Extended collective licensing (ECL) according to sections 51 and 51a VGG (Collecting Societies Act)

For certain usage cases, VG Bild-Kunst intends to grant extended collective licences to users. Such a licence will not only grant users the usage rights for works of authors that it represents itself, but also for works of outside parties who have administered the relevant rights to any collecting society in Germany or abroad. 

In order to grant such extended collective licences, VG Bild-Kunst provides the following information in compliance with the requirements of sections 51a(1), no. 4(2) of VGG (Collecting Societies Act):

What is extended collective licensing?

VG Bild-Kunst obtains certain usage rights from its members to administer these rights by mandates. In addition, VG Bild-Kunst administers certain usage rights of members of foreign collecting societies in Germany, with which it has partnership agreements (representative agreements).

If users – a private individual, a company or an institution – wish to use individual or specific works by authors for which the rights are administered by VG Bild-Kunst, it grants specific licences for these works to the respective user. Especially if the users do not know– at the time of the conclusion of the contract– which works they are going to use, these licences cover the entire repertoire of the authors represented by VG Bild-Kunst in one type of work, e.g. works of fine art. These licences are then called collective licences or block licences.

As per VGG, a collecting society may, under certain conditions, extend a collective licence to authors whose rights it cannot license directly, because they have not entrusted their rights to a collecting society. The latter are called “outside parties” as per VGG. The extended collective licensing aims at granting the user the broadest possible permission to use the works from the creation class category that the collective licence relates to. At the same time, this implies that the clarification of rights with every single outside party would be unreasonable for the user, and therefore involves disproportionate effort and high costs. In addition, the extended collective licences may only be associated to usages in Germany.

What are the effects of extended collective licensing for outside parties?

If VG Bild-Kunst grants an extended collective licence, the outside party no longer has to give its expressive consent to the granting of rights for the use of their works. However, the outside party may object to the granting of rights at any time.

In relation to the collecting society, outside parties have the same rights and obligations as authors whose rights are administered by the collecting society. Thus, the collecting society must ensure that all authors for whose works it has granted an extended collective licence be treated equally:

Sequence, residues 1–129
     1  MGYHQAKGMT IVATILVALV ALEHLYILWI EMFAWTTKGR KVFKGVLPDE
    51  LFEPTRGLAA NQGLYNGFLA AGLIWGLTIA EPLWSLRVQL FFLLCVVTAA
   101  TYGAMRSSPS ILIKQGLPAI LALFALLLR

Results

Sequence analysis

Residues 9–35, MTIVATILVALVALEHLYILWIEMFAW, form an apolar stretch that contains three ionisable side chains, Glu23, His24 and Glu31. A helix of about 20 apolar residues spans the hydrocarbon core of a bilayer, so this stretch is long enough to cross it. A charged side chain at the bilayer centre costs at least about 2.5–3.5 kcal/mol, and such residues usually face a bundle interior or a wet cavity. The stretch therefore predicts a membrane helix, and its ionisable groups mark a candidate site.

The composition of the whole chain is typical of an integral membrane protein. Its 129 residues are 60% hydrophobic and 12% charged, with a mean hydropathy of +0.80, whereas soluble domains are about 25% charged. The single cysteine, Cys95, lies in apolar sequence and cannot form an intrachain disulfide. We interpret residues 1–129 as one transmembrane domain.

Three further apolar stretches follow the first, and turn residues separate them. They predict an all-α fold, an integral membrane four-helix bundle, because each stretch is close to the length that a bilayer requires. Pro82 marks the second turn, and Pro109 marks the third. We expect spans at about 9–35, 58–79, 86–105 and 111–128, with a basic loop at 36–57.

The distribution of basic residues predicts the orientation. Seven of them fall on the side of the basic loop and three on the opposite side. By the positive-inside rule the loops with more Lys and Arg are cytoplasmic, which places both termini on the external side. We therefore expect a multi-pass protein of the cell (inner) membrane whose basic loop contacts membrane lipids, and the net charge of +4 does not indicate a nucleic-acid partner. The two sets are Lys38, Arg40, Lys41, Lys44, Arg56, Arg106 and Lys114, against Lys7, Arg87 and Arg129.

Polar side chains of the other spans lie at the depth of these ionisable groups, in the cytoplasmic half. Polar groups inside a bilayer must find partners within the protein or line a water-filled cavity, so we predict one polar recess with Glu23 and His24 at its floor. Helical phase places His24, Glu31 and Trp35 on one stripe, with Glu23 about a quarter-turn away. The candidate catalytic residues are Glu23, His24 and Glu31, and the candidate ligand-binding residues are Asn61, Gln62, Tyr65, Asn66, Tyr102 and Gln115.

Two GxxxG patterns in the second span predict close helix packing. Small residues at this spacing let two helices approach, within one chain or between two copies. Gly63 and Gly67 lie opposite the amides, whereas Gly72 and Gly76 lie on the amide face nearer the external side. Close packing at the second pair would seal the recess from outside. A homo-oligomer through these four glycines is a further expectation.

•     On the one hand, this means that the licensing conditions for works by outside parties must be the same as for the works of authors whose rights are administered by the collecting society. In particular, this means, that it may not price the usages of works by outside parties higher or lower than those of the authors it represents.

•    On the other hand, the collecting society may not distinguish between outside parties and non-outside parties when distributing the receipts by users as remuneration for the granting of rights. This means that the distribution plan of a collecting society that transparently stipulates the rules for the distribution of these receipts, must guarantee the same rules for all authors. If the distribution plan stipulates that the author must participate in the distribution, this obligation also extends to outside parties. In addition, any deductions that a collecting society may make under the distribution plan – primarily to cover its costs or also for social or cultural purposes – may be made to outside parties in the same amount as to members of the collecting society whose rights it represents.

Can VG Bild-Kunst grant extended collective licences?

Pursuant to section 51a (1) no. 4a VGG, a collecting society must inform that it is in a position to grant extended collective licences. VG Bild-Kunst hereby complies with this obligation (as of 26 September 2022):

•    Pursuant to section 51b (1) VGG, VG Bild-Kunst is representative for the granting of rights for the usage cases described in more detail below, which will be the subject of a collective licence. Due to the mandates concluded with its members and on the basis of the representative agreements concluded with its sister societies, VG Bild-Kunst administers these rights for a sufficiently large number of authors.

•    The collection of rights for all outside parties is unreasonable for the users of VG Bild-Kunst. Obtaining permission from every single outside party in each individual case would be difficult and impractical to such an extent that the required granting of the licence would be unlikely.

•    The intended granting of a licence by VG Bild-Kunst is limited to usages in Germany.

•    Pursuant to section 51a (1), no. 4 VGG, outside parties have at least three months to object to the grant of a licence with regard to their works. The intended granting of a licence for the usage cases described in more detail below will therefore not take place before 19 December 2022. 

In which situations is licensing needed?

In the following usage cases, VG Bild-Kunst intends to grant extended collective licences for domestic and foreign outside parties:

Social media image licence